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Did Jesus Exist -- The Probing Mind

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posted on Dec, 19 2006 @ 11:52 AM
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kinglizard, the stuff that you said was put into the wicker basket is what is attacked in the article...
and you have to exclude revelations, it's nothing about history

and i can't copy the citiations into this thread, so go to the original source for them




posted on Dec, 19 2006 @ 12:46 PM
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Been there, done that...



posted on Dec, 19 2006 @ 01:27 PM
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Originally posted by NowAmFound
Been there, done that...


so you've actually refuted every one of the points in that entire article?
if you have, i doubt it's been on ATS, because you haven't exactly been here long enough to do so for every possible argument against the existence of jesus

did you bother reading the excerpts i brought into the thread?

found, you've repeatedly said that the burden of proof is on me as a non-believer
i bring up evidence and you outright ignore at make a post that brings NOTHING to the discussion

[edit on 12/19/06 by madnessinmysoul]



posted on Dec, 19 2006 @ 03:31 PM
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Madness:

My friend, please stop. Everything you've just said is a lie. You haven't presented any evidence. I, on the contrary, have presented a myriad of information and sources which defend my position. I also read the information you presented and have replied to it on various levels. I've explained to you the issue with burden of proof but you continue to act as if you don't understand, or really don't want to accept it.

If anyone has not added to an intelligent discussion on this matter, it has been you.


Here's more info. you probably won't read:

(I urge everyone else to. I know the Christians will definately enjoy it.)

www.thenazareneway.com...



posted on Dec, 19 2006 @ 04:16 PM
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Madnessinmysoul the mistake you are making is that you are expecting a constructive (for a lack of a better term ) debate from people who let there "faith" override logic reasoning and facts.



posted on Dec, 19 2006 @ 04:18 PM
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NowAmFound, did you not read the original post and the other posts on the 1st page quoting an 17ish page article?

read what i've brought up before saying i've brought no evidence forth



posted on Dec, 19 2006 @ 05:12 PM
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Originally posted by xpert11
Madnessinmysoul the mistake you are making is that you are expecting a constructive (for a lack of a better term ) debate from people who let there "faith" override logic reasoning and facts.


That’s not the problem. To be perfectly honest here this member is presenting a 17 page document that was produced by a team of probably very scholarly people that want to prove the bible is false.

Now I’m just a simple follower of Christ that doesn’t have a “team” behind me and he expects me to start refuting this very complicated document….It’s absurd and not a very reasonable request.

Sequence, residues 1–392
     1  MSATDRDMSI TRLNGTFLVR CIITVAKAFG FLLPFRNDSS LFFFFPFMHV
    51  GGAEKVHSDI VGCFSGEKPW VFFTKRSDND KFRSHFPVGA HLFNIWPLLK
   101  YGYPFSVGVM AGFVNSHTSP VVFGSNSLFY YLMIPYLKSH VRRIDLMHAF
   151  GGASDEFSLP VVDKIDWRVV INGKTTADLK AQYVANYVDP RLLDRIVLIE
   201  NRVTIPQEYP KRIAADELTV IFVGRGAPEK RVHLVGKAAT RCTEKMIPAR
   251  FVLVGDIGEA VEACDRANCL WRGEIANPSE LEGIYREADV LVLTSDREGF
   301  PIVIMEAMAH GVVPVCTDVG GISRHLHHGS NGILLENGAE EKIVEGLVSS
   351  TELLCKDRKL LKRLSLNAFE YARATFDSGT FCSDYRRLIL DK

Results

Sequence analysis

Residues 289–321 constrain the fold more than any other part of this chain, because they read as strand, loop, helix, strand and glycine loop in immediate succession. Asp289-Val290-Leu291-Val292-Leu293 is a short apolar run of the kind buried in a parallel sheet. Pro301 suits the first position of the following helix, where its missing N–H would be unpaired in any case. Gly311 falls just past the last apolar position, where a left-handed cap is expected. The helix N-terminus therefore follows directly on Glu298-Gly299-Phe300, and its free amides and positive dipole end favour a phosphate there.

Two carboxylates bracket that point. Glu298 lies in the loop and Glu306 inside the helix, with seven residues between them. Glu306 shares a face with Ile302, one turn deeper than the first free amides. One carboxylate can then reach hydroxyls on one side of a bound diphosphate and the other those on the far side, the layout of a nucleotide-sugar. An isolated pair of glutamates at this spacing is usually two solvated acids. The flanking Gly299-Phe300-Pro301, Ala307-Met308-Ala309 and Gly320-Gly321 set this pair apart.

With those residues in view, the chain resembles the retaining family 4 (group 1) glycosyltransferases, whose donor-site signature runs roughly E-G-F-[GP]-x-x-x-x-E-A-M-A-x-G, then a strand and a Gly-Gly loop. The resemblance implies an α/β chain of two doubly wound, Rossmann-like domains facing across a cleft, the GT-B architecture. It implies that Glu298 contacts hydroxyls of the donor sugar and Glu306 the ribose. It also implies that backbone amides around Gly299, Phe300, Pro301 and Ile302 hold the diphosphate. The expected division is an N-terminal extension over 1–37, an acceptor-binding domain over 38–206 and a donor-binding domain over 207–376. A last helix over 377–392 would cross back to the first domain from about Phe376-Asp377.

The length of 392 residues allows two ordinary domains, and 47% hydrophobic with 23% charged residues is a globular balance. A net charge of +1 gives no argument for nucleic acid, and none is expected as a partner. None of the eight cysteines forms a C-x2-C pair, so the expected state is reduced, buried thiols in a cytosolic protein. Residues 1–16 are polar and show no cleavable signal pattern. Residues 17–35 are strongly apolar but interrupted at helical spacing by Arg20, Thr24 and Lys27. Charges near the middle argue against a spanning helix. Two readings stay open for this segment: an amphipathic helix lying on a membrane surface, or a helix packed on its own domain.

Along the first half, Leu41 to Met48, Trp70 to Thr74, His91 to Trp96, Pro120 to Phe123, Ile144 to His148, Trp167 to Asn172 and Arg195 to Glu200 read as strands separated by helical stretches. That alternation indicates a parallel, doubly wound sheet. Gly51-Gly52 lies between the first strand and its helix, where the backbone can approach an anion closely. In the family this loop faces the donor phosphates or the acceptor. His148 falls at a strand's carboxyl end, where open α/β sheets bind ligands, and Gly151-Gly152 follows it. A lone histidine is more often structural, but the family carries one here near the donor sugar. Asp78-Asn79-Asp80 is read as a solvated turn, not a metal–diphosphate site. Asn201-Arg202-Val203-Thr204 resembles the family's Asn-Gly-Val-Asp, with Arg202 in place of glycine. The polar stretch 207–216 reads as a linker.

How about this?

I go find a Catholic seminary that has produced a 20 page document from a team of leading theological scholars and prominent clergy and you try to refute their claims.

Does that sound reasonable to you?




And if you can't understand that then it's YOU that isn't using logic and reasoning.





[edit on 12/19/2006 by kinglizard]



posted on Dec, 19 2006 @ 05:47 PM
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kinglizard, i did, however, pull out excerpts from the article to begin discussion
i was hoping to keep pulling out more and more as this thread kept going on and gaining momentum

it's not like i'm asking you to tackle the entire article at once

so, why hasn't anyone adressed what i've directly quoted from the article?



posted on Dec, 19 2006 @ 05:56 PM
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Originally posted by madnessinmysoul
so, why hasn't anyone adressed what i've directly quoted from the article?


OK here is your quote:


The notion that the four "gospels that made the cut" to be included in the official New Testament were written by men named Matthew, Mark, Luke, and John does not go back to early Christian times. The titles "According to Matthew," etc., were not added until late in the second century. Thus, although Papias ca. 140 CE ('Common Era') knows all the gospels but has only heard of Matthew and Mark, Justin Martyr (ca. 150 CE) knows of none of the four supposed authors. It is only in 180 CE, with Irenæus of Lyons, that we learn who wrote the four "canonical" gospels and discover that there are exactly four of them because there are four quarters of the earth and four universal winds. Thus, unless one supposes the argument of Irenæus to be other than ridiculous, we come to the conclusion that the gospels are of unknown origin and authorship, and there is no good reason to suppose they are eye-witness accounts of a man named Jesus of Nazareth. At a minimum, this forces us to examine the gospels to see if their contents are even compatible with the notion that they were written by eye-witnesses. We cannot even assume that each of the gospels had but one author or redactor.


Please provide supporting evidence for all of THEIR claims in this one paragraph and every paragraph that you are asking others to do the same. Not just people that say the same thing but scientific evidence that supports time frames, dates, people, places and anything els that is mentioned. This is your exercise so I would expect that you would be willing to do the same thing you are asking other people to do. I mean to refute any of this stuff a person would need to do the same right?



posted on Dec, 19 2006 @ 06:03 PM
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Originally posted by madnessinmysoul
it's not like i'm asking you to tackle the entire article at once


btw- I will go find that document produced by a Roman Catholic seminary from a team of leading theological scholars and prominent clergy and you can refute their claims one paragraph at a time.